installing & configuring debugging tools for windows

There are umpteen blogs out there that discuss various debugging techniques. So what is so different about this one? Nothing really. It’s just something that I am adding as a reference for myself and for any soul out there that is starting out with debugging. As part of my job, I need to start learning debugging and that’s the whole reason why I am writing this out. Writing this out also helps me remember things better.

Everyone knows what Debugging Tools For Windows is. Also known as Windbg, it is a very powerful debugger that you can use to analyze memory dumps (.DMP files) for user more and kernel mode processes, from any Windows environment. Debugging skills are essential for any serious developer & any serious support professional. There is native debugging and .NET (Managed) debugging, which I will discuss later. So let’s get started.

So what type of machine do you need? Any Windows XP or later PC with at least 2 GB of RAM is what I recommend. The more, the better.

Installing Debugging tools for Windows (x86). Download from this Microsoft site

I recommend installing using the typical options. The install isn’t very big, but the symbols (aka .PDB files) will take up space on your hard disk. For those who do not know what symbols are & why they are important, please jump to this URL: PDB Files

You need symbols only if you are performing native debugging – Typical C, C++, Windows SDK programs. .NET debugging doesn’t require symbols.

Create a folder on a hard drive with at least 2-4 Giga bytes of disk space for your symbol store. The symbol store can be in any location. You only need to tell the debugger where the symbols are. I usually create a folder named Symbols with 2 sub folders. Private & Public. Private symbols are PDB files that are proprietary to your company. Public symbols contain lesser information so that others cannot re-engineer products. Also, you shouldn’t mix private & public symbols as it may confuse the debugger. However, you can put x86 and x64 symbols in the same folder.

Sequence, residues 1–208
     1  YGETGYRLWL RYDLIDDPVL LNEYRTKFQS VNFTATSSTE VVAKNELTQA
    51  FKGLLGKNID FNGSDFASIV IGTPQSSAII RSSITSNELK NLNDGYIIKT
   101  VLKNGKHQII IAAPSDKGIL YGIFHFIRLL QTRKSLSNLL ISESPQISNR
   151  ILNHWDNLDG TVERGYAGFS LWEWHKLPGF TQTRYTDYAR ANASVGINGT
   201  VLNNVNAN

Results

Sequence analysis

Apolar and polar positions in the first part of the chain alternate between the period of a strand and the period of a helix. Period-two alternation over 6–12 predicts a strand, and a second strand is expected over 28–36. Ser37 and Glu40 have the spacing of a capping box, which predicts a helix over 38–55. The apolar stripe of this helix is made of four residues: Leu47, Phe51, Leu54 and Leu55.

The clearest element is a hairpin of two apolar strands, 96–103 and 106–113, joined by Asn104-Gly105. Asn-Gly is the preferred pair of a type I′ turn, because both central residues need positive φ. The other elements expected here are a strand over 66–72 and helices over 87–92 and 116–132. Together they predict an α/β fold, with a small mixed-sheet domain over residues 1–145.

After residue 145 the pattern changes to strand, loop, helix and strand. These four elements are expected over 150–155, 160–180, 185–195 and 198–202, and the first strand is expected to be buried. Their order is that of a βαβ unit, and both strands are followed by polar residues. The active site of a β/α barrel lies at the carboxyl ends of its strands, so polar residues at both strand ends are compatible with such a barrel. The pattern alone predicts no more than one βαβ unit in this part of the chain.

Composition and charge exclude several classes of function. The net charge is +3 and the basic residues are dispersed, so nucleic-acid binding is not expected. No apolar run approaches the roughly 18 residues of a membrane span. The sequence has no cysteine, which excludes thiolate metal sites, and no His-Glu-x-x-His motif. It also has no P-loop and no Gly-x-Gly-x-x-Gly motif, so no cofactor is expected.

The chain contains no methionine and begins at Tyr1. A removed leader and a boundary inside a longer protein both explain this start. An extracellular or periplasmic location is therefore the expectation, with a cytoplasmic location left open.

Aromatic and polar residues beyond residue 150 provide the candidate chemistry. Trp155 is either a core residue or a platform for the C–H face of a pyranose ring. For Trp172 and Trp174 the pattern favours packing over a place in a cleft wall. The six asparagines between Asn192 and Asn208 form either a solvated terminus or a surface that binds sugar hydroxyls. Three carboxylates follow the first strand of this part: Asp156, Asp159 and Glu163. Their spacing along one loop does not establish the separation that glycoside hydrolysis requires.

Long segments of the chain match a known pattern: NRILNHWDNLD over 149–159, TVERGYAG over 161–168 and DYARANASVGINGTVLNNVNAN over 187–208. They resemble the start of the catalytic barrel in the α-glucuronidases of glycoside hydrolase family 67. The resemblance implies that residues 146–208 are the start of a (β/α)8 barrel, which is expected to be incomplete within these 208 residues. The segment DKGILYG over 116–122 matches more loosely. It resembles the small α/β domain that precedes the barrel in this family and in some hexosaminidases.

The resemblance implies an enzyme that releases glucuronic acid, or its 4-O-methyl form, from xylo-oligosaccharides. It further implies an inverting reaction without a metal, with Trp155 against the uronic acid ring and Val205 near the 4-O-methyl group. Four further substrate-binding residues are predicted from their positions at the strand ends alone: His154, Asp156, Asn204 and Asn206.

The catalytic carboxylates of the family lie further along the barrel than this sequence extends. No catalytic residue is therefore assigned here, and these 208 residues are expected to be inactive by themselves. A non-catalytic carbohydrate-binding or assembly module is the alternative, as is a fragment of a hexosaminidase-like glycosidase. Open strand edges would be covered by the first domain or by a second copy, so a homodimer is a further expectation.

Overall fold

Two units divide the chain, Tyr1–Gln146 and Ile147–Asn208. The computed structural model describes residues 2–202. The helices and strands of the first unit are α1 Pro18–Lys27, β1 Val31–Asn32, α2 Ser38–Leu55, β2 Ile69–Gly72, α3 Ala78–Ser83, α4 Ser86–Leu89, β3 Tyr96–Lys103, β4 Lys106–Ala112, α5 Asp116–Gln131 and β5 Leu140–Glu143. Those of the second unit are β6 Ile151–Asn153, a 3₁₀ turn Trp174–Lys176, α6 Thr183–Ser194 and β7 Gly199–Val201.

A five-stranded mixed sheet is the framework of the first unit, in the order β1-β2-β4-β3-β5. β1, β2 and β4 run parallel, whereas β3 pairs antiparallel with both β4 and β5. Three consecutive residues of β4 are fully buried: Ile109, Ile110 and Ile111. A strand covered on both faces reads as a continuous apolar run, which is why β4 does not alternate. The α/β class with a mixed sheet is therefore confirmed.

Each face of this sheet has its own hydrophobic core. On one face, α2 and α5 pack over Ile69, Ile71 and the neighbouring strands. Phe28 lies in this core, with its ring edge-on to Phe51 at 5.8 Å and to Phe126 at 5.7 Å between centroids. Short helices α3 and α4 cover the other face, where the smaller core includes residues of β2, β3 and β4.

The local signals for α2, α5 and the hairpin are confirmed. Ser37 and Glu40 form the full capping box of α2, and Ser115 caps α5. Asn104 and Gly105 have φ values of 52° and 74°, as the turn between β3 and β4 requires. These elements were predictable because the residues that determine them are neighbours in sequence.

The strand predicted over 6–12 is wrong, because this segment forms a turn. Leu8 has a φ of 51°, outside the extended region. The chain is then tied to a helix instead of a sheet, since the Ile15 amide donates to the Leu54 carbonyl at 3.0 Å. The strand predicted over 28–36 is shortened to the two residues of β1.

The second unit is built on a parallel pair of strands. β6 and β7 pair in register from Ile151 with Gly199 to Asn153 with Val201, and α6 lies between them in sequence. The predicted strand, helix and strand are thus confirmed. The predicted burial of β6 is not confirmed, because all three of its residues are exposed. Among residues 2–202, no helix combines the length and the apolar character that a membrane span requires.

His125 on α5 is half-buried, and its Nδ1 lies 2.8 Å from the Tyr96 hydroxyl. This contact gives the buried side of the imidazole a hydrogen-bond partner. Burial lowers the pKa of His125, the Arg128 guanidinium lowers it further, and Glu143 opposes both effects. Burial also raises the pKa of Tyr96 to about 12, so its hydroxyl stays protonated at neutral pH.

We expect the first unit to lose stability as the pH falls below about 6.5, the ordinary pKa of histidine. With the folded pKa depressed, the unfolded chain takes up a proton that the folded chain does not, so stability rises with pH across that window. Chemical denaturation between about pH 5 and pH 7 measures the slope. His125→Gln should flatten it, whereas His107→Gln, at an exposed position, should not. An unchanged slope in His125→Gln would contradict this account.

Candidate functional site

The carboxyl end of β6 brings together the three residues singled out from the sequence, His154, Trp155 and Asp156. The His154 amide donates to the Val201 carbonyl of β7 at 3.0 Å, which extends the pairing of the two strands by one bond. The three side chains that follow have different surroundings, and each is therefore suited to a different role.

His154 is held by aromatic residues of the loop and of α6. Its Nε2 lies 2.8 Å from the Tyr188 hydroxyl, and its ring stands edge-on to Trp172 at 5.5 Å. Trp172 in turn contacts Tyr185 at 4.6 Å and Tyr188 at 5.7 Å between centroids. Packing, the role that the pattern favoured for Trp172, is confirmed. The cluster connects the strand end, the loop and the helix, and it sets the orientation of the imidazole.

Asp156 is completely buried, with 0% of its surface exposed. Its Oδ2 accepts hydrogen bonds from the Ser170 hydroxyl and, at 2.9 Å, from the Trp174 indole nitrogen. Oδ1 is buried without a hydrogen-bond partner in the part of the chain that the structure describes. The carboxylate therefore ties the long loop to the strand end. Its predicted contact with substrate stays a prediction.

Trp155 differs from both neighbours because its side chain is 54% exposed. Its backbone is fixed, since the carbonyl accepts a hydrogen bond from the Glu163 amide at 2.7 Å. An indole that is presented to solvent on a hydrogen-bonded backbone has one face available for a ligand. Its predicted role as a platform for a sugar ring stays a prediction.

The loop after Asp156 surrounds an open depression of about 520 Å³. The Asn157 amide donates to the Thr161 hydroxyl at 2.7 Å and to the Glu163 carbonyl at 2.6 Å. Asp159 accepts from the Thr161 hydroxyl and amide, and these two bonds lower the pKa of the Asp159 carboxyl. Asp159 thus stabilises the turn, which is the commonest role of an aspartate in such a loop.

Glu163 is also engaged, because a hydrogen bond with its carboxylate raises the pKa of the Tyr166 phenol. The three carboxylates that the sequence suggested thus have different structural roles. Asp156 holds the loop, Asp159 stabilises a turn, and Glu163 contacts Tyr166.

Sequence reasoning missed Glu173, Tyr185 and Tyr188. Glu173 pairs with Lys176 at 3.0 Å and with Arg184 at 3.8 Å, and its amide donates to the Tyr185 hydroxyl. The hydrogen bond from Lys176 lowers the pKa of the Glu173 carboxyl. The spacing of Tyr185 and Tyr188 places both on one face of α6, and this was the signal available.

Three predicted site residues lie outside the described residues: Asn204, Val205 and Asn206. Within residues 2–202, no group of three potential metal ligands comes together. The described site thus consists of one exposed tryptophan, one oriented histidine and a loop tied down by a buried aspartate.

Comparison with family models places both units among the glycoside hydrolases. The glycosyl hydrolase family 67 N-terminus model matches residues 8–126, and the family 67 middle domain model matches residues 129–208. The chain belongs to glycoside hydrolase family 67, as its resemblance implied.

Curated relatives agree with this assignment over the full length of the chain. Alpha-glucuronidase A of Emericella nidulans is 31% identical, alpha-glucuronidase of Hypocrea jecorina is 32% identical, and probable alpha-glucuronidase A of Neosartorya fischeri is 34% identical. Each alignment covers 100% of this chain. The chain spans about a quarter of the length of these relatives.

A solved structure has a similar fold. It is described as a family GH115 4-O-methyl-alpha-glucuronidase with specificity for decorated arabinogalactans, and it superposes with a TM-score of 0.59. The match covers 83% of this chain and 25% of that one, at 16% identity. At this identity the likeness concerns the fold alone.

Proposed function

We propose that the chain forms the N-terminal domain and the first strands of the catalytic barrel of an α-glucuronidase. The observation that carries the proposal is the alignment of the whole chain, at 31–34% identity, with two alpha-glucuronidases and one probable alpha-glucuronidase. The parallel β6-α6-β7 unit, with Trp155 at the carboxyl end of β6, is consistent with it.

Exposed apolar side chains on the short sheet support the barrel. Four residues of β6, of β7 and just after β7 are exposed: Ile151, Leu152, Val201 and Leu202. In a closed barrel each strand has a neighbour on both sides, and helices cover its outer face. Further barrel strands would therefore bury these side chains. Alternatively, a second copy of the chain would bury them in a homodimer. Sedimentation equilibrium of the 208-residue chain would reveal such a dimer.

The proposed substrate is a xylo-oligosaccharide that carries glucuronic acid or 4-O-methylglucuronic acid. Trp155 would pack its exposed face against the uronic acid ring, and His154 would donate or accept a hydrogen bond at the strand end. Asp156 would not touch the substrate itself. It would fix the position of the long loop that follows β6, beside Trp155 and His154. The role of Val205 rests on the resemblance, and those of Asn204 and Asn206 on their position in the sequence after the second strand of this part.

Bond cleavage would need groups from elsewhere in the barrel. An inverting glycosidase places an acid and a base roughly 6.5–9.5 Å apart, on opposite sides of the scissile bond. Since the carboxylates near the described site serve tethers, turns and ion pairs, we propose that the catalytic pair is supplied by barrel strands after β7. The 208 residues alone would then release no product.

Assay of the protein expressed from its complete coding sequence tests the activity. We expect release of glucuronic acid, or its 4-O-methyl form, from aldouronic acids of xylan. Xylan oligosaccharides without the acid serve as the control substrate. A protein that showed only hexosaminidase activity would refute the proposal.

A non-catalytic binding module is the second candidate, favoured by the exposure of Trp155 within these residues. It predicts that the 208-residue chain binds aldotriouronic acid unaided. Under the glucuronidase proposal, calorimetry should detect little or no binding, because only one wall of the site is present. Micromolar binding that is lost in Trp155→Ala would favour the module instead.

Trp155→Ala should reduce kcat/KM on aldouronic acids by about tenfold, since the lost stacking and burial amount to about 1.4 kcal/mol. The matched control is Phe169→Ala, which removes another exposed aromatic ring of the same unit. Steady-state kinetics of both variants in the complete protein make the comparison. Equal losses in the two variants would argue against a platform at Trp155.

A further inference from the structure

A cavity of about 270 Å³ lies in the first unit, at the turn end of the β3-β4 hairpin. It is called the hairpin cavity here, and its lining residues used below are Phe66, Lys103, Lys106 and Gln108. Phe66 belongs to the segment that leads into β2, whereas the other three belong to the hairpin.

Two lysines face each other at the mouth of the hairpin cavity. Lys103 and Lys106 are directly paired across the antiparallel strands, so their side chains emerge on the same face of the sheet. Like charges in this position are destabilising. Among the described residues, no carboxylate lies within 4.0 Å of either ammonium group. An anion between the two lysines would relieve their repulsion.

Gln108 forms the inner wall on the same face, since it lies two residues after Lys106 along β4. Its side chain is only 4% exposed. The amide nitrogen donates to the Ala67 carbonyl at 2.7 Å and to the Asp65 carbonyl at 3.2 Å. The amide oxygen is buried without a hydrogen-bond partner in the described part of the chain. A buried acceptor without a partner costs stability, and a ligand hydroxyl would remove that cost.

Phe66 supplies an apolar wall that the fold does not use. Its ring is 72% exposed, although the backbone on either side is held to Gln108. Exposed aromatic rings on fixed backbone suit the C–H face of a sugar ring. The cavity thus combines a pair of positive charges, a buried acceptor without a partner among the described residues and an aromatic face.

• Fire up Windbg from the Start menu. (Under Debugging tools for Windows folder).
  • Select File menu and then Symbol File path. Alternatively, press CTRL+S.
  • Enter the path to your symbol store as follows: SRV*D:\symbols\Public*
  • Click on File menu and then select Save Workspace.

NOTE: SRV is a keyword here. Each parameter is separated with a *. The internet address provided above is the address of Microsoft’s public symbol server. Yes! Microsoft provides public symbols for most of its products so that others can debug problems with their products.

NOTE: If you want to further customize the appearance of Windbg, click on View menu and then Option… Do not forget to click on File menu and select Save Workspace after making the changes. The reason for this is, it saves all your settings for the next debug session, or else you will need to enter the symbol path again. You can also use the _NT_SYMBOL_PATH to configure where the debugger should look for symbols. For more information, see this KB Article: Using Microsoft Symbol Server

You are all set to debug now.